Richard M. Stana, director of homeland security and justice issues at the Government Accountability Office (which is responsible for “auditing agency operations to determine whether federal funds are being spent efficiently and effectively”), told the Senate Homeland Security Committee yesterday that the federal government can actually prevent or stop illegal entries into the United States along only 129 miles of the 1,954-mile-long U.S.-Mexico border.
That leaves 1,825 miles of the U.S.-Mexico border where the Border Patrol cannot prevent or stop an illegal entry. The 3,918-mile-long northern border of the United States is virtually wide open, according to Stana’s testimony.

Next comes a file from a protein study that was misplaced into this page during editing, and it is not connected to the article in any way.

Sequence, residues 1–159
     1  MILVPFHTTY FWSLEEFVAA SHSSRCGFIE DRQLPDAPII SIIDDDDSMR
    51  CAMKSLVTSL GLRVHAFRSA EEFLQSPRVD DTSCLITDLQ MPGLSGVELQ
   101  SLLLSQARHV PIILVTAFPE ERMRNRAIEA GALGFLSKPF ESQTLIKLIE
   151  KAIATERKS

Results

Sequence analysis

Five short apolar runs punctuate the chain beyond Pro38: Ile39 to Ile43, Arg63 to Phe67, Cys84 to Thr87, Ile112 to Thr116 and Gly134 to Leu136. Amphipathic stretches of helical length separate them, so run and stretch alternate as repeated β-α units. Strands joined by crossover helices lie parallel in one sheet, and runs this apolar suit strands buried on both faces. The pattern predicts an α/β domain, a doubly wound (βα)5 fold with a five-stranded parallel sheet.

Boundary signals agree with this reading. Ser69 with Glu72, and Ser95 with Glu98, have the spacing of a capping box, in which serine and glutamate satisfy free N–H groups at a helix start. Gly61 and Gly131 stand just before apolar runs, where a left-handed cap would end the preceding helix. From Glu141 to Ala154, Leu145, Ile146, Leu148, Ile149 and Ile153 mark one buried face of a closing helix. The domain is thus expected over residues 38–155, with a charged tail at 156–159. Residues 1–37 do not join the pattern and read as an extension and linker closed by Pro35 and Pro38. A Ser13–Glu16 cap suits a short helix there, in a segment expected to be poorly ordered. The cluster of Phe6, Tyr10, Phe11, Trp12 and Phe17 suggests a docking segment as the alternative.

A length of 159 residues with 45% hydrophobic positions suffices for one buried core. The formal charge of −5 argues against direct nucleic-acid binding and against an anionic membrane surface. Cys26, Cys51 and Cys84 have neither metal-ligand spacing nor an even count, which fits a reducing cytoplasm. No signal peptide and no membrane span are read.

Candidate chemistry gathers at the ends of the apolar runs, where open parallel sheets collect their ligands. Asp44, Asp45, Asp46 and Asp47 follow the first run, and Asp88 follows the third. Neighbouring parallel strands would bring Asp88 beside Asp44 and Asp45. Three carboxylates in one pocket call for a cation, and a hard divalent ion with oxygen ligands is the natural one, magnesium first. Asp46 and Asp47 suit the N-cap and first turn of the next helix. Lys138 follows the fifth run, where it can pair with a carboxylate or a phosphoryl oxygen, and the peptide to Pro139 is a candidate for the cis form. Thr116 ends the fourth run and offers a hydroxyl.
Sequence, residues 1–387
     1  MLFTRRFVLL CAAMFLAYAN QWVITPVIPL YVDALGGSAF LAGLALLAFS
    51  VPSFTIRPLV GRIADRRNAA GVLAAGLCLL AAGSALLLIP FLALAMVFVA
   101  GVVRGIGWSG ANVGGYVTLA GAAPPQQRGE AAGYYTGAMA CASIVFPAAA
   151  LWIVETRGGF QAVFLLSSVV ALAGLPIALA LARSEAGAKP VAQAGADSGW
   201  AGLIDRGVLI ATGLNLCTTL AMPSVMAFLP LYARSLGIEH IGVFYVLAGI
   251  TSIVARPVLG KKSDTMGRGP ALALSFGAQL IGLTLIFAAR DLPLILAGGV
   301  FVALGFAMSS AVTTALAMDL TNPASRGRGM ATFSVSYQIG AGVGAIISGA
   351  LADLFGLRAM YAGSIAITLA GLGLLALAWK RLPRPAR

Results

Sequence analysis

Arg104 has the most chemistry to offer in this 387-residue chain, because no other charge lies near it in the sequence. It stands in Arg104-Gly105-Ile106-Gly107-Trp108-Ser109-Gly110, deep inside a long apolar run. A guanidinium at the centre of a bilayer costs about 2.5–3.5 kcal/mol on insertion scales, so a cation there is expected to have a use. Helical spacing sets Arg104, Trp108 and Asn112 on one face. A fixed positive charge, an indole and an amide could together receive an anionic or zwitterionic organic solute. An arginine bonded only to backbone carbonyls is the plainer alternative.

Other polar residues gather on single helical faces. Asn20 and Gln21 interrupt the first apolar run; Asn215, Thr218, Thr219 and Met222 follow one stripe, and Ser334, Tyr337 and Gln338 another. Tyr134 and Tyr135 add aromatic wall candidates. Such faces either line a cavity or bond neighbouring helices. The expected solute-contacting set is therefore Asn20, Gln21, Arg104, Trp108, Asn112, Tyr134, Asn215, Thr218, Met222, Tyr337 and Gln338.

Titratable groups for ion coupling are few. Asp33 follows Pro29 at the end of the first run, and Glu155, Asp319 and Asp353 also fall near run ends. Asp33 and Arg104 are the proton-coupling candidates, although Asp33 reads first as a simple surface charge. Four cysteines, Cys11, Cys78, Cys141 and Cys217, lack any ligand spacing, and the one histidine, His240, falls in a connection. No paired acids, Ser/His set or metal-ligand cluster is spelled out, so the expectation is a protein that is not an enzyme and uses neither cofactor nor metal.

The Border Patrol, Stana said, reports that it has established “an acceptable level of control” along only 69 miles of this border and that of those 69 miles there are only 2 miles where the Border Patrol can actually prevent or stop an illegal entry.
Along the remaining, 3,916 miles of the northern border the Border Patrol does not have the capability to deter or detect and apprehend an intruder.